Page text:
(Thanks to Veenita Raj who co-wrote this week’s Friday’s Five)

An employer’s obligation to provide mandatory paid sick and family leave under the Families First Coronavirus Response Act (FFCRA) ended on December 31, 2020.  The FFCRA applies to employers with 500 or fewer employees.  The payroll tax credits for employers who voluntarily decided to continue

Legislation at the federal and state level this month changed many paid sick leave regulations for California employers.  California employers could be subject to at least five different paid sick leave laws spanning federal law, state law, state-regulations, and local government regulations.  As employers reopen in California, it is important to review the various paid

Governor Newsom

On April 16, 2020, Governor Gavin Newsom issued Executive Order N-51-20, which provides new paid sick leave to certain food service workers. Citing a need to fill a “gap” left by the federal Families First Coronavirus Response Act, which applies solely to employers with fewer than 500 employees, this new Executive Order provides up to 80 hours of “COVID-19 Supplemental Paid Sick Leave” to defined food sector workers.

(Zaller Law Group is hosting a free webinar on Friday, April 24, 2020, to discuss this new Executive Order and answer your questions. Join us for Understanding California’s New Paid Sick Leave Requirements For Food Sector Employees.)

Here is what you need to know.

What employers are covered?

Executive Order N-51-20 applies to employers with 500 or more employees in the United States, including full-time and part-time workers but not including independent contractors. Employees on leave of any kind are counted, but employees furloughed or laid off are not counted unless and until they are reemployed.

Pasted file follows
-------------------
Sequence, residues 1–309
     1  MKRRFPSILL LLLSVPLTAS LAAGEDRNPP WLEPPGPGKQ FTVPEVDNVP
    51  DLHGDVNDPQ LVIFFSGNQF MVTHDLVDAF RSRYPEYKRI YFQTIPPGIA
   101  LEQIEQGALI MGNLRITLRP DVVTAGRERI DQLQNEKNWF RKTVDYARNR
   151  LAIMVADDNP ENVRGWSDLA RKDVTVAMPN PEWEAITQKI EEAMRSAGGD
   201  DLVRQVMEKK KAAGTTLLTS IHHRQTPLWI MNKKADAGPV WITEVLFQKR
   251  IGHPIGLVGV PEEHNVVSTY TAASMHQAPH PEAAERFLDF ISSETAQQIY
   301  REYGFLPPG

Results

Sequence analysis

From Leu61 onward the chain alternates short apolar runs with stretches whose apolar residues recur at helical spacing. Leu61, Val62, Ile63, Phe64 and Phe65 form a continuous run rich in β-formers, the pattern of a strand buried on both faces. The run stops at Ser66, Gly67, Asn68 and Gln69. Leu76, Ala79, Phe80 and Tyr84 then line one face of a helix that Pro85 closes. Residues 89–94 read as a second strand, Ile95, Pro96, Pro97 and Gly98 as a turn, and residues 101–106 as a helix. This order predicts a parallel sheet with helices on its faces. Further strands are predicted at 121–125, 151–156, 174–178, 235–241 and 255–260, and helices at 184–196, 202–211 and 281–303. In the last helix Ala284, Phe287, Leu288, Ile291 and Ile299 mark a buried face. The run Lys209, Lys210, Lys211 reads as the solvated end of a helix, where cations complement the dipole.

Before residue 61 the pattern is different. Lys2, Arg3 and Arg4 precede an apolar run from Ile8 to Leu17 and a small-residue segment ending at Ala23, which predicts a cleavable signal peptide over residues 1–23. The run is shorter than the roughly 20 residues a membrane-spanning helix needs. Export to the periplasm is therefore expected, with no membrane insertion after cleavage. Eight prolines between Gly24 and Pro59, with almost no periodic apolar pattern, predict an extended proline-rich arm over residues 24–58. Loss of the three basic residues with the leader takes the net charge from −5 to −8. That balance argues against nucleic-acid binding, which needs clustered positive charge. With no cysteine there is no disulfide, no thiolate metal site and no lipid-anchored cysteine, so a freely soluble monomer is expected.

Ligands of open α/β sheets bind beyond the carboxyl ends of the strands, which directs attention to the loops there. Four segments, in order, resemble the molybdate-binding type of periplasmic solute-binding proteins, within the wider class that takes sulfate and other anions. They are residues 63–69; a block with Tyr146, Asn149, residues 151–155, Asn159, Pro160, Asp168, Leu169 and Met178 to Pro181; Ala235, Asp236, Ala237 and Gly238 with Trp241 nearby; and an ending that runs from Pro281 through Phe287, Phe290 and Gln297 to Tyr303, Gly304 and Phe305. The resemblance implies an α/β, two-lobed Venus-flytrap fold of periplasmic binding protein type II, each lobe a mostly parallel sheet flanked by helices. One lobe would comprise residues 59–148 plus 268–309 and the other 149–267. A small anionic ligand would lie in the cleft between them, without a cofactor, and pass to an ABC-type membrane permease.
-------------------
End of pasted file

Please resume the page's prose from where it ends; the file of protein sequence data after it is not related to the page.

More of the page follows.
The Executive Order expressly applies to any “Delivery Network Company” (companies that use a website or mobile app to enable local delivery of products/food from third-party merchants; think Postmates or GrubHub) and any “Transportation Network Company” (companies that provide transportation services using online apps/platforms that connect passengers with drivers using a personal vehicle; think Uber or Lyft) that employs 500 or more employees.

As with the FFCRA and FMLA, common employees of joint or integrated employers must be counted together.

There is one exception: if, as of April 16, 2020, the employer already provides a “supplemental benefit” such as paid leave that provides the same or greater benefit provided by this Executive Order, then the employer does not have to provide the COVID-19 Supplemental Paid Sick Leave.

What employees are entitled to Supplemental Paid Sick Leave?

The Executive Order applies to “Food Sector Workers,” which it defines as any person who satisfies one of the following criteria:


Continue Reading California’s COVID-19 Supplemental Paid Sick Leave Order: What Employers Need to Know

The Department of Labor added additional answers on March 28, 2020 to its website containing Frequently Asked Questions pertaining to the Families First Coronavirus Response Act (FFCRA).  The DOL set forth answers regarding who qualifies as a “health care provider” and an “emergency responder” under the FFCRA:

  1. Who is a “health care provider” for

Updated March 22, 2019

In response to the coronavirus, many cities throughout California are issuing emergency orders and placing temporary restrictions on certain business, such as restaurants, bars, movie theaters, bowling alleys, arcades, and gyms.  Los Angeles City has issued an order to temporary close these type of establishments until March 31, 2020.  If

Attorneys from our firm gathered for this Q&A on Friday, March 13, 2020 to discuss common questions facing California employers with the coronavirus epidemic.  We discuss the following topics:

  • Providing time off for employees due to school closures
  • Dealing with employee’s requests not to work
  • Masks in the workplace
  • Screening employees
  • WARN issues for mass